(Tavinho Teixeira, Brazil, 2018, 90 min. In Portuguese with English subtitles)
In this subversive, psychedelic road movie through a tropical dystopian dictatorship, an eccentric band of outsiders try to offer resistance in a Brazil controlled by a military junta and inhabited by corrupt priests foretelling the apocalypse. Their first plan is to trek through the country’s interior to deliver weapons to a group of militant nuns who live off the proceeds of their cannabis farm—a journey that becomes ever more dangerous. Sol Alegria turns a queer gaze to the legacies of Brazilian counterculture—from the novel Macunaíma to Tropicália music—as enduring testimonies of freedom and joy.
Your Bones and Your Eyes / Seus ossos e seus olhos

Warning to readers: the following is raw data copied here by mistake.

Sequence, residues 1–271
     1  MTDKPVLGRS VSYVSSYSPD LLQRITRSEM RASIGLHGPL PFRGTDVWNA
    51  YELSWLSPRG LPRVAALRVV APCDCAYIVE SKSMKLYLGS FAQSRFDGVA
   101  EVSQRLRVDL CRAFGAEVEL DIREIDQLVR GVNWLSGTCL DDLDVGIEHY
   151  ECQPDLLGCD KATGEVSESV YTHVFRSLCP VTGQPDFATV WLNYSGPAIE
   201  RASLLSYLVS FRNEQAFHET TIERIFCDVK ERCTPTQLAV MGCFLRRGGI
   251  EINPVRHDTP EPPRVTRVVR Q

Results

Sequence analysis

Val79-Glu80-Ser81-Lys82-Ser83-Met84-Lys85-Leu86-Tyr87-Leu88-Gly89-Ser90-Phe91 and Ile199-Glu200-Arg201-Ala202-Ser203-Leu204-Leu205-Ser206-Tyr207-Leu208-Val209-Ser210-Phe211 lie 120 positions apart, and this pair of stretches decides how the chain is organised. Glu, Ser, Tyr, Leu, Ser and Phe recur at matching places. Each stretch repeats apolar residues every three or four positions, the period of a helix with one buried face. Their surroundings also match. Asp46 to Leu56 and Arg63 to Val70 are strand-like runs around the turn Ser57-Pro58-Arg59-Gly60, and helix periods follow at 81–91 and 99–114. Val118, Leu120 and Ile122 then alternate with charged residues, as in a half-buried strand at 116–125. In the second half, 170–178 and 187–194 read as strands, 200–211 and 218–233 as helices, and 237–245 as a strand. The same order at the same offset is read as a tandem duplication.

(Caetano Gotardo, Brazil, 2019, 118 min. In Portuguese with English subtitles. U.S. Premiere)
In Caetano Gotardo’s follow-up to The Moving Creatures, João, a middle-class filmmaker living and working in São Paulo, has extensive conversations with friends and strangers, including best friend Irene, who cannot let go of memories of her ex, or a young man he tries to pick up on the metro. Piece by piece, João’s encounters, discussions, and monologues increasingly inspire him, and he begins to reconsider his attitude toward the world around him. In addition to life and love, the creative process emerges as a recurring theme, recalling the films of Éric Rohmer and Hong Sang-soo.
Free Talk: Veredas Live
Join series co-programmers Fabio Andrade and Mary Jane Marcasiano for a free panel discussion with filmmakers Gabriel Mascaro (Divine Love), and Gabriel Martins and Maurillo Martins (In the Heart of the World). They will trace and examine how the work of the filmmakers spotlighted in this series has emerged from a constellation of industrial circumstances, economic forces, technological developments, and sociopolitical tensions in Brazil